Japan approves world-first trial using iPS cells to treat spinal cord injuries
The health ministry on Monday approved the world’s first clinical test in which artificially derived stem cells will be used to treat patients with spinal cord injuries.
A team of researchers from Keio University, which filed a request for the test with the ministry, will inject neural cells produced from so-called induced pluripotent stem cells — known as iPS cells — into four people who are injured while playing sports or in traffic accidents.
It is the fifth time the government has authorized clinical studies using iPS cells. The patients, aged 18 or older, will undergo the test treatment under the care of a team led by Hideyuki Okano, a professor at the Keio University School of Medicine.
“It’s been 20 years since I started researching cell treatment. Finally we can start a clinical trial,” Okano said at a news conference in Tokyo. “We want to do our best to establish safety and provide the treatment to patients.”
Okano and his team have already succeeded in enabling a paralyzed monkey to walk again through the same approach.
The patients will have suffered lost mobility and sensation. The cells will be injected within two to four weeks of the patients’ accidents — the period in which the treatment is believed to be effective.
The team will observe the efficacy and safety of the cells for about a year while the patients undergo rehabilitation.
The cells to be transplanted will be created from iPS cells in storage at Kyoto University and will be kept frozen.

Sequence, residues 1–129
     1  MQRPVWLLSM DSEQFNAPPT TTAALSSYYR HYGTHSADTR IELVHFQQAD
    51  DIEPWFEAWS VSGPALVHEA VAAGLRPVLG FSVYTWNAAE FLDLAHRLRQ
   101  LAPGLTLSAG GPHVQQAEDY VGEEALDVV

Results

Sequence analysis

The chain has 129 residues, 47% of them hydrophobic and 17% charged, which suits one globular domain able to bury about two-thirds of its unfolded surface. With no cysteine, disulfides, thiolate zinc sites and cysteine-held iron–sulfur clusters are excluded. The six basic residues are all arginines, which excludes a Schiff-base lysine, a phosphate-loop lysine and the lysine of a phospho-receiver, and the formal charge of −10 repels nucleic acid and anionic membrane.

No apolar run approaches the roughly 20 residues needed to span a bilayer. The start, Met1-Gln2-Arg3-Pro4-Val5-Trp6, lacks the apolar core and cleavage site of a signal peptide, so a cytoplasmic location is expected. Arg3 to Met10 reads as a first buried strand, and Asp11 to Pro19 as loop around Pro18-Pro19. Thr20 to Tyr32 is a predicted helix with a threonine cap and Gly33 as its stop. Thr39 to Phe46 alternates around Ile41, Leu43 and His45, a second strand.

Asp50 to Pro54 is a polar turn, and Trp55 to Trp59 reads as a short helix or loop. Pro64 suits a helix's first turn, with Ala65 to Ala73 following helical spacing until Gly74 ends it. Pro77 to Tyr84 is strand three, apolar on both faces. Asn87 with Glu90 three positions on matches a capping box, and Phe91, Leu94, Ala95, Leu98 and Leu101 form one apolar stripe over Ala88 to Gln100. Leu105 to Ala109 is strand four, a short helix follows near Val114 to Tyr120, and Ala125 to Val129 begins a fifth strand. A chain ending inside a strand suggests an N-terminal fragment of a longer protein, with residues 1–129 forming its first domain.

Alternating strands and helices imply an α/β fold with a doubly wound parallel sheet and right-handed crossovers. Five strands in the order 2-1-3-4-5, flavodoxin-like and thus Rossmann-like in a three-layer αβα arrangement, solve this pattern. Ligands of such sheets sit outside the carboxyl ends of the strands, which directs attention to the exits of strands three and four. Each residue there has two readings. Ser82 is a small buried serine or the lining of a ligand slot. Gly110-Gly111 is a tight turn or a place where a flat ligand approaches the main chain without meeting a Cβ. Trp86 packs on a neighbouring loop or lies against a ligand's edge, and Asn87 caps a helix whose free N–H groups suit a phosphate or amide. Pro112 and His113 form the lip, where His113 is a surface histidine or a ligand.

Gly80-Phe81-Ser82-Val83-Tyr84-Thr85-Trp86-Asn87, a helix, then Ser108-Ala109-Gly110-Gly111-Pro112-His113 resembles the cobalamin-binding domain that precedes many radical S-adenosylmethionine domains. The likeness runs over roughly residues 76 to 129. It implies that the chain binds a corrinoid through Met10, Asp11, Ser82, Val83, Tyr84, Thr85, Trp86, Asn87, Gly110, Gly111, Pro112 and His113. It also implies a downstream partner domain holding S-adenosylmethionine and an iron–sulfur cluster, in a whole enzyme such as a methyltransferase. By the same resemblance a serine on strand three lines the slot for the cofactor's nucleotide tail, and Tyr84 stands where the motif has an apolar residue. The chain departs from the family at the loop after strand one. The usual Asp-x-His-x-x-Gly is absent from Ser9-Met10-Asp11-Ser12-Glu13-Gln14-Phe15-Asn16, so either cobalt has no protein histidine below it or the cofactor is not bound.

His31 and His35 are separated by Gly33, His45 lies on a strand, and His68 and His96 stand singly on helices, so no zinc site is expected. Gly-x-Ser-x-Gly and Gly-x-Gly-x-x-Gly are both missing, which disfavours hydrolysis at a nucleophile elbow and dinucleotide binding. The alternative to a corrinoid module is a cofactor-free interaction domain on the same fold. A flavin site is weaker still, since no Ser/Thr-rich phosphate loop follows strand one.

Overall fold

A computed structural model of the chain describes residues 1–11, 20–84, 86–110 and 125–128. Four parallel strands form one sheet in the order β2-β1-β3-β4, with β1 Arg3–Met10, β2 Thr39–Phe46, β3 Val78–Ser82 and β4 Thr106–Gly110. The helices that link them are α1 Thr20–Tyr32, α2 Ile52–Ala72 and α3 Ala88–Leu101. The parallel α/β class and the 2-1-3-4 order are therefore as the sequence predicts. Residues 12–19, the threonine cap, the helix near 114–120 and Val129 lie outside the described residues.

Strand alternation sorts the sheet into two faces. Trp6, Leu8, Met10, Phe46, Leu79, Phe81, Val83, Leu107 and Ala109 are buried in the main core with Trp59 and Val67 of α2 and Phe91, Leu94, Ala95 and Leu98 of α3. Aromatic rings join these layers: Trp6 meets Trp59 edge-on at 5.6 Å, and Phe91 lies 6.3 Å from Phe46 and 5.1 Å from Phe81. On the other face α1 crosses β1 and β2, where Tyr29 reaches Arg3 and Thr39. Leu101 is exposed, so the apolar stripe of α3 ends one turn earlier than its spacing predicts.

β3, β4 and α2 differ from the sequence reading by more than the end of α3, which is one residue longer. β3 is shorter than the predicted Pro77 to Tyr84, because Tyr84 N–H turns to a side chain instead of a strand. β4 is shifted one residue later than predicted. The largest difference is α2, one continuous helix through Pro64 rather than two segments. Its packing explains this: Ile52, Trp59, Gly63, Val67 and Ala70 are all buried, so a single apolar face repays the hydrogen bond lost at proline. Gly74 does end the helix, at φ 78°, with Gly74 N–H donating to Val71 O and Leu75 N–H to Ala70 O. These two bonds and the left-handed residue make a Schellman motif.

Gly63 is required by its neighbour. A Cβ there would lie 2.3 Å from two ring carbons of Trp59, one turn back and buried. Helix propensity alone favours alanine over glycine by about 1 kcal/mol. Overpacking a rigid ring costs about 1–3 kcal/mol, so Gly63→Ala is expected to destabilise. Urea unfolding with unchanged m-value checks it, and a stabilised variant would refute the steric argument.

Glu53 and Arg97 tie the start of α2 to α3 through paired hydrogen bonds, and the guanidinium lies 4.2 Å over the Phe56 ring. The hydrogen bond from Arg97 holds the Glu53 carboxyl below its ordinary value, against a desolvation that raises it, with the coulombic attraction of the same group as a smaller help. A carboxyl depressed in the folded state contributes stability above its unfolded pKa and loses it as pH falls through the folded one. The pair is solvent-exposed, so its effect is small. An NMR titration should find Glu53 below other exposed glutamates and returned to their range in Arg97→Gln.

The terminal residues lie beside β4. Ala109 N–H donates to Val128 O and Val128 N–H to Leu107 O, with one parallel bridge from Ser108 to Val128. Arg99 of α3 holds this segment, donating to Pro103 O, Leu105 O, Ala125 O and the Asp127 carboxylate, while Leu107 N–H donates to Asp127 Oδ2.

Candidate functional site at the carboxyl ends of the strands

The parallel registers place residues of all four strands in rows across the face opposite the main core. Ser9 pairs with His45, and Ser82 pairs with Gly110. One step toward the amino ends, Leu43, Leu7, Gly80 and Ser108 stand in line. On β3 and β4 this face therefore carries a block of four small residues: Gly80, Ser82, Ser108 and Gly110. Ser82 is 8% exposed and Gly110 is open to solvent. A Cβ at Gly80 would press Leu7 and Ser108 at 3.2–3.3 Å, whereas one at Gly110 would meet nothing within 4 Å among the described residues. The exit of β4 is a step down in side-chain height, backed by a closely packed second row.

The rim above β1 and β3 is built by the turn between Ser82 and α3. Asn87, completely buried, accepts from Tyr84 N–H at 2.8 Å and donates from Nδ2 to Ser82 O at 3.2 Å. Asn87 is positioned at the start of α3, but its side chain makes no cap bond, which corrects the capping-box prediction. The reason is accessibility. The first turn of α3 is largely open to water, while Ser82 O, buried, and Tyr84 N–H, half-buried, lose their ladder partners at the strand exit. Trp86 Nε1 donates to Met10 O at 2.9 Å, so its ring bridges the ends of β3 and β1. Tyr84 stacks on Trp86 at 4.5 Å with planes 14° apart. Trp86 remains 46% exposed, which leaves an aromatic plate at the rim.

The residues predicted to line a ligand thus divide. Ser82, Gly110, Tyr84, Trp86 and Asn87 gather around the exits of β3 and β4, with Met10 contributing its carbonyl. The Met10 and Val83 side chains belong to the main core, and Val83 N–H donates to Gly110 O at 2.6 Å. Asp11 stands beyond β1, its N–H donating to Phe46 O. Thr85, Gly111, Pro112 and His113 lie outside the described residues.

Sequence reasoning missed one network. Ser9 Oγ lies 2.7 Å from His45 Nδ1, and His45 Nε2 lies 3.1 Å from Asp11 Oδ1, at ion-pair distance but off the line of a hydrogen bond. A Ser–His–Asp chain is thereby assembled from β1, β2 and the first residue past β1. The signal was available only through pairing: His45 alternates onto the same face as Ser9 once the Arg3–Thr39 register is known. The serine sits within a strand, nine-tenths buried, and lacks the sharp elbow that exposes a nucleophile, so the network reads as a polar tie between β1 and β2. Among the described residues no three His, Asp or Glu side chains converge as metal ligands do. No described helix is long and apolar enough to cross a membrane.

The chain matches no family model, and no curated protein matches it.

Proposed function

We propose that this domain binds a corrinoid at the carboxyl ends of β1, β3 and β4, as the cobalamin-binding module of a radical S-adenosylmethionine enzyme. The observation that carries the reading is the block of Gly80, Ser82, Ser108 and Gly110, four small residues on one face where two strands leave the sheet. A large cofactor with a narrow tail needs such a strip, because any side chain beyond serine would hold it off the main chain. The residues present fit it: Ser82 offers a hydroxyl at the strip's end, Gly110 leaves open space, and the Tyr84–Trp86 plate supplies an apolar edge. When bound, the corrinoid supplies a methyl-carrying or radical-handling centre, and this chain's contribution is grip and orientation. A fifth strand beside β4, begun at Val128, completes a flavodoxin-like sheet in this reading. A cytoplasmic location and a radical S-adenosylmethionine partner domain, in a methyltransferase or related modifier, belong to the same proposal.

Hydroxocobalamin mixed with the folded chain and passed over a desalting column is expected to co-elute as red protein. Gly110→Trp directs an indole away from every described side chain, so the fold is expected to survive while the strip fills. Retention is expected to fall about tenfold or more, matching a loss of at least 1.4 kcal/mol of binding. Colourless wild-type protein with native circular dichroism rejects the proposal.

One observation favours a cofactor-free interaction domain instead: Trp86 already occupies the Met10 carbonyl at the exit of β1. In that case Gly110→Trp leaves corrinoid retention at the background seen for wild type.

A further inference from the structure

Kyoto University’s Shinya Yamanaka won the Nobel Prize in physiology or medicine in 2012 for developing iPS cells, which can grow into any type of body tissue and are seen as a promising tool for regenerative medicine and drug development.
The main purpose of Keio’s study is to confirm the safety of the neural cells to be created. The team will limit the number of cells they will transplant to 2 million but plan to increase that to up to 10 million in the future.
Every year in Japan, around 5,000 people sustain spinal cord damage, and the number of people living with some sort of spinal cord-related injury is estimated to total over 100,000.
People with existing spinal cord injuries are mostly in the chronic phase and, therefore, will not be eligible to the upcoming clinical trial.
But Masaya Nakamura, a Keio professor of orthopedics who is in charge of the procedures, said the team wants to confirm “within two to three years” the safety of the treatment for patients with chronic spinal cord injuries.
On Monday, a panel at the ministry also reviewed another plan for a clinical test in which corneas produced from iPS cells will be transplanted to treat eye diseases. The trial was proposed by an Osaka University research team. The panel did not reach a decision on the cornea trial, leaving further consideration to future discussions.
Among other clinical tests with iPS cells, the government-backed Riken institute conducted the world’s first transplant of retina cells grown from iPS cells to an individual with an eye disease in 2014.
Kyoto University also began a clinical test using iPS cells to treat Parkinson’s disease last year.
In that test, which took place in October, nerve cells created from iPS cells were transplanted into the brain of a patient in his 50s.
Parkinson’s disease reduces dopamine-producing neurons in the brain, and results in tremors in the hands and feet and stiffness in the body. While there are treatments to relieve the symptoms, there is currently no cure for the disease.
Feb 18, 2019https://www.japantimes.co.jp/